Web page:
01 November 2011

Cleaning the Oceans from Plastic - Mission Impossible?

Far from our eyes islands have been forming in the oceans - plastic islands floating  along the oceanic gyres, luring fish and birds with their bright colors. We have been killing innocent animals with each plastic bottle cap that has not landed safely in the trash bin. And all the floating colorful plastic bits of civilization are at the core of a very modern and ironic question - is cleaning the oceans from plastic possible at all?

Debris from the 2011 Japan earthquake and tsunami
Much has been said recently about the enormous floating island of debris from the March earthquake and tsunami in Japan that is about to hit Hawaii and the West Coast of the U.S. Some claim that it comprises of anywhere between 5 and 20 million tons of houses, boats, cars, tractors, even human bodies.

Several months ago, researchers from University of Hawaii came up with a simulation model showing part of the vicious circle the debris will make around the North Pacific - floating past Hawaii by about mid 2012 and reaching the US shores by 2013 before heading back to Asia. In fact, if the lighter items are not blown ashore by winds or get caught up in another oceanic gyre, they will continue to drift in the North Pacific loop and complete the circle in about six years.

Simulation of the trajectory of debris from the 2011 Japan tsunami and earthquake. University of Hawaii Mānoa International Pacific Research Center

Although the vast amount of debris was washed into the ocean before the release of radioactive water from the destroyed power plants it is possible that some of them are in fact contaminated with radioactive material.

Of course, a great part of the debris is plastic, which will increase tremendously the already high level of pollution of the ocean. But here is where I am starting to look perplexed - why is all the media getting so animated about the harmful plastic from the Japanese tragedy when the amount of tsunami debris, although massive, is a mere nothing comparing to the plastic trash that is dumped into oceans on a regular basis!

I read opinions that Japan should take care of the trash "their" earthquake produced and I assume it is simply easier for everyone to find the one to blame and just pour the blames. How about the anonymous polluters thanks to whom more than 1 million seabirds, 100000 mammals and sea turtles are dying each and every year?

According to a report by the U.S. Commission on Ocean Policy  released 7 years ago roughly about 20% of the plastic in the oceans comes from ships or offshore platforms; the rest is blown, washed off the land or simply thrown away.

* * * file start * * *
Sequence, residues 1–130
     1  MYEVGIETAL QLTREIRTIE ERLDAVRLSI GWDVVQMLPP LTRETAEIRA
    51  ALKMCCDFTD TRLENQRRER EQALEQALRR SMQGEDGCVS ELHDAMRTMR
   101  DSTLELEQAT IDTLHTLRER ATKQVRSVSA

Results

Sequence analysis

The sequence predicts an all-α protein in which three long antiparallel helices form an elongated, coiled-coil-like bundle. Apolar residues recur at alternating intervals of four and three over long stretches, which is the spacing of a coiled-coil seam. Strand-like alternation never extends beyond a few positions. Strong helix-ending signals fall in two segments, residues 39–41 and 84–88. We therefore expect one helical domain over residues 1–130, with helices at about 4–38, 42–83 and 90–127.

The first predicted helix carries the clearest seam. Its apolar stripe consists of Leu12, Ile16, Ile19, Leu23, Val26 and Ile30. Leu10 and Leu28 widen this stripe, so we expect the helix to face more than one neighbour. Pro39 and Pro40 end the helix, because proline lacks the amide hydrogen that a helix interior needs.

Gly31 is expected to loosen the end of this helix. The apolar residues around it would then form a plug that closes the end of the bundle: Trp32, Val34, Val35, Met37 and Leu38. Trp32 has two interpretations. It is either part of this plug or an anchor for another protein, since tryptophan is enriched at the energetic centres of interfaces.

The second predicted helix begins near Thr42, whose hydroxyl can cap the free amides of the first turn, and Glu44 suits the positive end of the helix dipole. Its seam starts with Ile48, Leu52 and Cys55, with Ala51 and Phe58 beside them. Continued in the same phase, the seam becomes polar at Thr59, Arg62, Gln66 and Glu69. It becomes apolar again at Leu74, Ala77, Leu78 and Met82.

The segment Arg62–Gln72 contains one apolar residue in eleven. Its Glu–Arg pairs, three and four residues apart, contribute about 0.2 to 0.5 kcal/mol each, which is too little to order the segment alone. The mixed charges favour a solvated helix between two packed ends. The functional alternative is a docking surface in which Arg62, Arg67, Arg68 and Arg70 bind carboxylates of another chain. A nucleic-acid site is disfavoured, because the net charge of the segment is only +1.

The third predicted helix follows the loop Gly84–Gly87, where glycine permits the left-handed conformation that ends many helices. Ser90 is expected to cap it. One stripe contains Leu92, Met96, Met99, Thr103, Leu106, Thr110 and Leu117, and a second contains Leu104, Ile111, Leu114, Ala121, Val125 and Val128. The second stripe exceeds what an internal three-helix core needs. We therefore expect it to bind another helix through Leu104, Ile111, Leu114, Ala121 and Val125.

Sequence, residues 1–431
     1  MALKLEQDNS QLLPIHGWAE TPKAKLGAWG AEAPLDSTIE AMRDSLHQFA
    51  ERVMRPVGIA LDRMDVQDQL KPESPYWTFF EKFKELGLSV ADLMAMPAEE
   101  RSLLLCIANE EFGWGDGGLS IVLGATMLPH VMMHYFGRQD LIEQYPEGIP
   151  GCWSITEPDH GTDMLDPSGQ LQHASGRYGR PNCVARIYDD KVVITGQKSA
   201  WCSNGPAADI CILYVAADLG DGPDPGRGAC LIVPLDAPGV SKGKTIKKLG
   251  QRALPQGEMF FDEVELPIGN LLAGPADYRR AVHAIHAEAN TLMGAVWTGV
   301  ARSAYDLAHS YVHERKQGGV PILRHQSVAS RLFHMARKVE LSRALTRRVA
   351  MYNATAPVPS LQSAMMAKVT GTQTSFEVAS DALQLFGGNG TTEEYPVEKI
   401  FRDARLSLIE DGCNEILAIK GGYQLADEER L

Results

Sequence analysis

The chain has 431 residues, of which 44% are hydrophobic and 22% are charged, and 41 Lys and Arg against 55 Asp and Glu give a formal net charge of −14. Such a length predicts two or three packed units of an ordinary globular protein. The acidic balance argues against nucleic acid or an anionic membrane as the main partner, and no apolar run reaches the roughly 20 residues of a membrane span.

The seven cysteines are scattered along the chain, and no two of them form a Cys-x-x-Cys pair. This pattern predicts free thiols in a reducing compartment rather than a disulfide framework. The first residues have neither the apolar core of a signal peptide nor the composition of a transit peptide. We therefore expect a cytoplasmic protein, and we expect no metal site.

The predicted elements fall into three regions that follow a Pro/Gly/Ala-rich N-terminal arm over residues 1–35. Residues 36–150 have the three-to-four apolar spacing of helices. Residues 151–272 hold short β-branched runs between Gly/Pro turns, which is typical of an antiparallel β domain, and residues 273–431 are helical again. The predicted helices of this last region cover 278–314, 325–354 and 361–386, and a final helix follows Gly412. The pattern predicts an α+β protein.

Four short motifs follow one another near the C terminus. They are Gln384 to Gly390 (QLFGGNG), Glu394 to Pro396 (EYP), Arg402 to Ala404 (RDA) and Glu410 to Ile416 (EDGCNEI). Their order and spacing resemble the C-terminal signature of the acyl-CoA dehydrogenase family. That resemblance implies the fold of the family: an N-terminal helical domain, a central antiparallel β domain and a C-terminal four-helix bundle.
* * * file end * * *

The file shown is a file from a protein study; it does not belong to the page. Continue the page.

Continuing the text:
Marine debris found in the gastrointestinal content of a juvenile green turtle accidentally captured in Bahía Samborombón, Argentina. Photo: Victoria González Carman

Plastic not only damages marine animals habitats but it also kills the ones that eat it or get tangled in it and drown. Plastic bags, colorful bottle caps and polystyrene foam coffee cups are often found in the stomachs of dead sea lions, dolphins, sea turtles and other sea animals. 

Bill Macdonald, vice president of the Algalita Marine Research Foundation, a Long Beach, California-based nonprofit environmental organization says:
"In the sea, big pieces of plastic look like jellyfish or squid, while small pieces look like fish eggs. I have seen albatross parents fly huge distances to feed their young a deadly diet of plastic bottle caps, lighters and light sticks.
The sheer volumes of plastic in oceans are staggering. In recent years Algalita researchers have sampled a huge area in the middle of the North Pacific, and found six pounds of plastic for every pound of algae."

New trash discoveries in the ocean
Even before the tsunami, the World Ocean was the collective bin for the trash of the world - flowing in from rivers, washed off beaches, neglected from oil and gas platforms or from fishing, tourist, and merchant boats. For many years now marine debris has become a serious problem for marine ecosystems, fisheries, and shipping.

According to Nikolai Maximenko at the University of Hawaii, the trash which does not degrade, is not washed off on shores, does not end up at the ocean's bottom or in the animals stomachs is directed by ocean currents and gyres to five major regions in the World Ocean, which have turned into “garbage patches”: The so-called Great Pacific Garbage Patch, floating between Hawaii and California has been growing since the 1950s. Its weight is estimated to about 4 million tons and 80% of it is plastic. There is another one, north of the Caribbean which is similar in volume to the Great Pacific Garbage Patch and is reportedly taken care of (for now). The South Atlantic, South Indian Ocean, and South Pacific patches have just been found.

Map source: NASA

At this point no one sees it possible to clean this whole mess. On the contrary, there are predictions that it will only get bigger thanks to our throw-away culture, addicted to plastic. To quote Miriam Goldstein of The Oyster's Garter:
"... [T]he trash gyre would be very, very hard to clean up. The plastic is so small, and so scattered, that it would take high-intensity trawling similar to that for shrimp. And shrimp trawling kills 10 pounds of non-targeted life (sharks, turtles, fish, you name it) for every pound of shrimp gathered... The mortality caused by trying to remove all the trash in the gyre would probably be similar. We’re just going to have to live with it and try to prevent it from getting any bigger."
There is something the majority of people simply don't get and it is this: Most plastics do not biodegrade. Unless removed, they will remain in the sea for hundreds of years, breaking up into ever-smaller particles. Recently British scientists discovered that microscopic pieces of plastic can be found everywhere in the oceans, even inside plankton, the keystone of the marine food chain.

The Washing Machine Problem